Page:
Effects of work-related absences on families: Evidence from the Gulf War
The Gulf War provides an opportunity to estimate the effect of work-related separations on military families. Using data from the 1992 Survey of Officers and Enlisted Personnel, the authors estimate the effect of Gulf War deployment on divorce rates, spousal employment, and children's disability rates. Deployment of male soldiers had no effect on marital dissolution, though it did lead soldiers' wives to work less. In contrast, deployment of female soldiers led to a large and statistically significant increase in divorce rates, suggesting deployment of women placed a marked strain on marriages. Deployment of female soldiers did not affect husbands' labor supply. Finally, the results show no statistically significant increase in disability rates among the children of deployed personnel. (Author's abstract.)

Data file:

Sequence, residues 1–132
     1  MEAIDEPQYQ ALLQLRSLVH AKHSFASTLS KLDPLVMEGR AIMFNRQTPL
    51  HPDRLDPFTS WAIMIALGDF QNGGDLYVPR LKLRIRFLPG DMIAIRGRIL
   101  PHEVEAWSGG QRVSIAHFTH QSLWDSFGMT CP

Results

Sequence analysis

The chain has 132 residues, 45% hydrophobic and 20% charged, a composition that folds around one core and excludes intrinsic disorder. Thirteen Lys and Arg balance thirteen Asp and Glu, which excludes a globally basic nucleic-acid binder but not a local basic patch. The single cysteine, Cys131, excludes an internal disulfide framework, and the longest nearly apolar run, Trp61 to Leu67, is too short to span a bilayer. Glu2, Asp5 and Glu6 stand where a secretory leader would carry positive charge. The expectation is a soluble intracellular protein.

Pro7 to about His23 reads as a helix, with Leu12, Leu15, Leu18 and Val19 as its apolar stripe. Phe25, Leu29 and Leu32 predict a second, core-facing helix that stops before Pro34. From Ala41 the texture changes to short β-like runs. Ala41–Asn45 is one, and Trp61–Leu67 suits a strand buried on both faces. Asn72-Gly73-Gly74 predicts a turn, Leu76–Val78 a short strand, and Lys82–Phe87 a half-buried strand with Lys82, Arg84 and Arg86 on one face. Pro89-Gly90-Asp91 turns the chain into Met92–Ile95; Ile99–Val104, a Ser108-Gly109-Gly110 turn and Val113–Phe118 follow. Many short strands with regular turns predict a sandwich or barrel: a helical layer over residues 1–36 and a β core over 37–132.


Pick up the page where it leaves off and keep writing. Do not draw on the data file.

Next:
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Volume (Year): 54 (2000)
Issue (Month): 1 (October)
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NBER Working Papers
5778, National Bureau of Economic Research, Inc.
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NBER Working Papers
3536, National Bureau of Economic Research, Inc.
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- Joshua D. Angrist & Victor Lavy, 1996. "The Effect of Teen Childbearing and Single Parenthood on Childhood Disabilities and Progress in School," NBER Working Papers 5807, National Bureau of Economic Research, Inc.
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